Ferrari 250 GTE 2+2 to pierwsze czteroosobowe Ferrari. Anegdota mówi, że powstało, ponieważ Enzo Ferrari potrzebował auta dla siebie, żony, szofera i… psa. Była to konkurencja dla wozów Aston Martin i Maserati, z elegancką karoserią od Pininfariny i doskonałą mechaniką. 250 GTE powstało na podwoziu 250 GT LWB Tour de France, jedynie 3-litrowy, 240-konny silnik V12 Colombo przesunięto tu o 20 cm do przodu, by uzyskać więcej miejsca w kabinie. GTE było jednym z najbardziej udanych samochodów drogowych Ferrari, szybie i komfortowe, powstało w ilości 954 egzemplarzy trzech serii. Wyprodukowany w 1963 roku egzemplarz pierwszej serii miał wielu właścicieli, jednak zawsze pozostawał w dobrym stanie, zarejestrowany w północnych Włoszech. Jego ostatni właściciel w 2013 roku rozpoczął kompleksową renowację, po ukończeniu której przejechał zaledwie 275 kilometrów. To jeden z najlepszych egzemplarzy na rynku, który sprzedano podczas aukcji Sotheby’s 15 czerwca w Mediolanie za 466250 euro, czyli około 2,1 miliona złotych.
Paolo Carlini ©2021 Courtesy of RM Sotheby’s
MILAN | LOT 112
1963 FERRARI 250 GTE 2+2 SERIES III BY PININFARINA
€400,000 – €450,000 EUR
€466,250 EUR | Sold
Italy | Italy
15 June 2021
Chassis No. 4541
Engine No. 4541
Gearbox No. 140/63
Documents Italian Libretto
An elegantly proportioned, beautifully presented Ferrari 2+2
Finished in exquisite original colors of Grigio Fumo over Pelle Beige Connolly leather
Delivered new to Torino; lengthy registration history in northern Italy
Desirable Series III example restored in 2014 by noted specialists
Numbers-matching engine and gearbox; accompanied by Ferrari Classiche Red Book
It is said that the Ferrari 250 GTE—the first production four-seat offering from Maranello—came about because Enzo Ferrari wanted a vehicle suitable for use by his chauffeur, himself, his wife … and the family dog! In truth, the pressures of the marketplace played a large role in Ferrari’s decision to introduce a proper 2+2: Comparable offerings from Aston Martin and Maserati, as well as the need to raise ever-more money to support the firm’s motorsports efforts, made it a commercially prudent move as well.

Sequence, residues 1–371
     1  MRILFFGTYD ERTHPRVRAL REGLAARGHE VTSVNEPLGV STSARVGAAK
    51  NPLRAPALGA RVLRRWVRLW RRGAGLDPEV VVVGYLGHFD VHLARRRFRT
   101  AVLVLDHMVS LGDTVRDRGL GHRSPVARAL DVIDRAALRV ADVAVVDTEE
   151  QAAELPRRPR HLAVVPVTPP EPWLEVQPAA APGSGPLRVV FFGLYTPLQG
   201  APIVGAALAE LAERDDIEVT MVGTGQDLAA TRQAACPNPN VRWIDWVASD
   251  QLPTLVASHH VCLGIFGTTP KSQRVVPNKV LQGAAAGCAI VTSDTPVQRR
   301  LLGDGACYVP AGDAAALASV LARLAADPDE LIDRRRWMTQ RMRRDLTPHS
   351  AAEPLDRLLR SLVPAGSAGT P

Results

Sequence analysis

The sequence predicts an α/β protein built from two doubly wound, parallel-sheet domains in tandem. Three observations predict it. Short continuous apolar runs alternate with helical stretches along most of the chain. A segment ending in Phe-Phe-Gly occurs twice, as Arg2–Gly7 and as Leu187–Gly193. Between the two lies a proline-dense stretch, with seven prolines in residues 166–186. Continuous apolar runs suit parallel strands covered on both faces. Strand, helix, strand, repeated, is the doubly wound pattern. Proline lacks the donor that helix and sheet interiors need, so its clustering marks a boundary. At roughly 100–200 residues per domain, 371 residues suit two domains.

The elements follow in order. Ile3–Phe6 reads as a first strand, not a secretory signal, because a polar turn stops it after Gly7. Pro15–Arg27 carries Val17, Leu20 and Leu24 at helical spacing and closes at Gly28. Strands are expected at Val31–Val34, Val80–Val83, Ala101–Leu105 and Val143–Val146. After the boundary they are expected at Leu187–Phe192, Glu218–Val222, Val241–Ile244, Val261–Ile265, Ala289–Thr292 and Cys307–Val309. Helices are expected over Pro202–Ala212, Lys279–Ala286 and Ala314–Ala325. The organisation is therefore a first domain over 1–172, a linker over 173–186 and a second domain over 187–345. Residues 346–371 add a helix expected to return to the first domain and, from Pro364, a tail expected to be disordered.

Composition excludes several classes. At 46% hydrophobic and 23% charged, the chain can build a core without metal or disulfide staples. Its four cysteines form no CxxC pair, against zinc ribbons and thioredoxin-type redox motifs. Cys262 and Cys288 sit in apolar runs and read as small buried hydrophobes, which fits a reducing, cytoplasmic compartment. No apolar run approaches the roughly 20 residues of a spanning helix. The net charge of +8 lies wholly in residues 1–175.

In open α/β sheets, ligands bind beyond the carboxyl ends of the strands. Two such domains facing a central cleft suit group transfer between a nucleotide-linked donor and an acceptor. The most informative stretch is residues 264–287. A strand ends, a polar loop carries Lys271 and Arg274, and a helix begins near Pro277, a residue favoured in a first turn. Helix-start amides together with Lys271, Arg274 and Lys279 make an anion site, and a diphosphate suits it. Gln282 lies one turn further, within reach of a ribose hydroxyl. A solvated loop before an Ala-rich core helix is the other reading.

Fortunately, the resulting car reflected the marque’s reputation for uncompromising excellence. To create the 250 GTE, Ferrari used essentially the same chassis as the 250 GT LWB Tour de France, but the 240 horsepower, 3.0-litre Colombo V-12 engine was moved eight inches forward; it was mated to a four-speed manual transmission with overdrive. Pininfarina’s elegant design raised the rear section of the roof, providing more cabin space for rear seats whilst still maintaining the same wheelbase and increasing the front and rear track. The result was a car balanced in both appearance and performance—and thanks to its extra cabin space, it was arguably one of the most practical and comfortable Ferraris to date as well.
Staying true to its competition roots, the 250 GTE was revealed at the 1960 24 Hours of Le Mans in the hands of the course marshal before making its official debut at the Paris Salon later that year. The GTE was one of Ferrari’s most successful road cars, as 954 examples spanning three Series were delivered over a four-year production run. In addition to some cosmetic changes, Series III cars benefitted from the addition of coils to its leaf spring rear suspension.
Completed on 22 April 1963 and issued its factory certificate of origin on 14 May, this Series III example was originally finished in Grigio Fumo over a Beige Connolly leather interior. On 15 June, it was sold to its first private owner, Merlino Silvano, via Fontanella & C. of Torino, Italy. Mr. Silvano would retain the car until 8 January 1965, after which it was sold to Bruno Coppo, also of the Torino area. From Coppo, the car would pass to Maria Luisa Bassano—reportedly given as a wedding gift upon her marriage to Japanese journalist Hideyuki Miyakawa, who would later go on to be an early employee of Italdesign.
According to research on file from Marcel Massini, the 250 GTE passed through a number of owners in the following decades, yet it always remained registered in northern Italy. Only one instance of exhibition, at the 1981 Ferrari Club meeting in Alessandria, Italy under the ownership of Sergio Cassano, is indicated during this period. Notably, Cassano was a co-founder of Ferrari Club Italia, motoring journalist, and author of several books on Ferrari and motorsport.
When it was acquired by its present owner and consignor in 2013, the Ferrari was said to be well-preserved and in good mechanical condition yet showing its age. With this very solid car serving as a starting point, a total restoration by specialists began. Toni Auto of Maranello sorted the mechanicals, while Elettrauto Franco refurbished the electrical systems. Its original instrumentation was also retained and restored by a specialist at this time as well.
The body, stripped to bare metal during the job, now proudly wears original colors of Grigio Fumo, while the interior was trimmed in appropriate Beige Connolly leather by Tappezzeria Luppi. A wood-rimmed steering wheel completes the finely detailed cabin, while on the exterior, four Borrani wire wheels (as well as a spare in the boot), each refurbished by the Borrani factory, give the 2+2 an appropriately sporty flair.
Following the completion of its restoration, the 250 GTE was submitted for, and received, its Ferrari Classiche certification; as the accompanying Red Book attests, the car retains its numbers-matching V-12 engine and gearbox. Having recorded fewer than 275 km since its restoration at time of cataloguing, this 250 GTE Series III is surely among the finest examples on the market today—and it offers ample proof that Ferrari’s earliest efforts to create a proper 2+2 also yielded one of the most enduring, and desirable, grand tourers of its era.